Palestinians have yet again been denied their due. The recently concluded session of UNESCO's World Heritage Committee rejected the first-ever Palestinian nomination. While it considered proposals from six West Asian countries, it overlooked Palestine's proposal to include the Church of the Nativity in Bethlehem, one the oldest functioning churches, in the world heritage list. The proposal was rejected not on merits, but because UNESCO did not consider Palestine a sovereign state. Getting world heritage status has been critical to improving the protection of heritage sites. In 2002, the Israeli forces besieged and damaged parts of the Church of the Nativity, which is more than 1500 years old and a site of importance for Muslims as well. In 2005, experts listed many more instances of wanton destruction. For example, the Israeli Military Command destroyed 22 historic structures in the old city of Hebron, and permanent structures were built atop the archaeological site of Tell Rumeida. As recently as in 2010, instances of illegitimate appropriation of Palestinian monuments were reported. The hope was that a formal international recognition would serve as an additional deterrent and help Palestinians in nation-building.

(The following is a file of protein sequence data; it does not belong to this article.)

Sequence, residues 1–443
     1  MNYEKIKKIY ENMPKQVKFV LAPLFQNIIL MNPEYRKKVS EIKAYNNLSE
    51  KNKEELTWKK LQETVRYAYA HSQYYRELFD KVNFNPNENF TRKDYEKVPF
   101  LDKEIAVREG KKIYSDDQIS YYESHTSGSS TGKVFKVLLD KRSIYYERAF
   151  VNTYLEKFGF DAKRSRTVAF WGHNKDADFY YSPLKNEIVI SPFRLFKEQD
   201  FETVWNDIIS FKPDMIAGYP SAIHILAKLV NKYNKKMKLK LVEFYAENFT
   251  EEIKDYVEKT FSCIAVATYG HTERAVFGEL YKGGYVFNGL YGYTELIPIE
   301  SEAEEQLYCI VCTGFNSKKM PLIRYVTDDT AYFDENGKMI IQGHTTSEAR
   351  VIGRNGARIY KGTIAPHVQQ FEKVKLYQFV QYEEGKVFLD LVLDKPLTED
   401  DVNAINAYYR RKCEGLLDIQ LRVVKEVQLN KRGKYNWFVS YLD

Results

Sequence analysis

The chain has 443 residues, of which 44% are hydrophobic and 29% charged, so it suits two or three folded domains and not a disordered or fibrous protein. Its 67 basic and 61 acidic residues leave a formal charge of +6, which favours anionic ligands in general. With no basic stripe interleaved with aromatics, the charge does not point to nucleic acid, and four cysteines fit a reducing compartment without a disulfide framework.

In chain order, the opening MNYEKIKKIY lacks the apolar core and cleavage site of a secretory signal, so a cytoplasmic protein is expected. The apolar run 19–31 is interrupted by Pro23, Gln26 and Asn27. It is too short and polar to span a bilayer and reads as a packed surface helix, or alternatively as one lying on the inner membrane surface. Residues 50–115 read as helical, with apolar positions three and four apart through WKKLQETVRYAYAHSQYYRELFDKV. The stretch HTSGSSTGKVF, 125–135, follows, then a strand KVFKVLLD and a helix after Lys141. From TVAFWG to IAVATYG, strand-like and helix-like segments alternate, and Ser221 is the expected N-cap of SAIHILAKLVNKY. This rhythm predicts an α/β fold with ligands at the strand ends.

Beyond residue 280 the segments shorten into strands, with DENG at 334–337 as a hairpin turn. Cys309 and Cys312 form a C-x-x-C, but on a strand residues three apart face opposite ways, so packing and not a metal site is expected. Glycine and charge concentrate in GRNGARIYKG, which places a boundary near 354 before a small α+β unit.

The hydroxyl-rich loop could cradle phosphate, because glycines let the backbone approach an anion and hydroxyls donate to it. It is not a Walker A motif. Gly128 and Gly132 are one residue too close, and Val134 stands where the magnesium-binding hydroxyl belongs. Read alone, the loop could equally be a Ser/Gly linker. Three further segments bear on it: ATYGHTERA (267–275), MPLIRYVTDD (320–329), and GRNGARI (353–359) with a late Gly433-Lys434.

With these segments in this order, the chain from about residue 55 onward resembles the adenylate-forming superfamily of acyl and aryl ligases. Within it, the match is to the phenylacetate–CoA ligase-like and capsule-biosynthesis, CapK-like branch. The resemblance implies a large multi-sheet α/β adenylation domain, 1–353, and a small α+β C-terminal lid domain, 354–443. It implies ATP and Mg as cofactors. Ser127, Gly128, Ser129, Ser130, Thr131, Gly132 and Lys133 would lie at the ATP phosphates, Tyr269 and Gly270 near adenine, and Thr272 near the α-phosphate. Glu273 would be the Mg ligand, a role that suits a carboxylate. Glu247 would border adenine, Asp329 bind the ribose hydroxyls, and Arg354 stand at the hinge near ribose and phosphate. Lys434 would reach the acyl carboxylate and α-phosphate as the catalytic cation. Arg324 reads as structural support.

Realising the urgent need to protect the cultural sites, UNESCO started training Palestinians to identify important heritage structures and implement the World Heritage Convention. In 2005, a list of 17 monuments located in historic cities such as Bethlehem and Nablus was published. Unfortunately, when it came to the critical phase of nomination, UNESCO, which might plead its hands are tied by convention and the limitations of international law, failed to demonstrate the innovativeness and progressive spirit expected of it. It needs to revisit the founding moments of the World Heritage movement. About 50 years ago, the world came together to save Abu Simbel. Collective concern and gravity of the situation compelled the international community to act creatively and boldly. UNESCO demonstrated some of these traits in 1981, when it overruled Israel's objection and accepted Jordan's proposal to nominate the old city of Jerusalem and its walls for the world heritage list. The reality is that many of the identified heritage sites are in areas administered by the Palestinian National Authority, which is an internationally accepted representative of the Palestinians, and the formation of Palestine State is inevitable. There is no convincing reason to further deny Palestine heritage sites the protection and recognition they deserve and urgently need.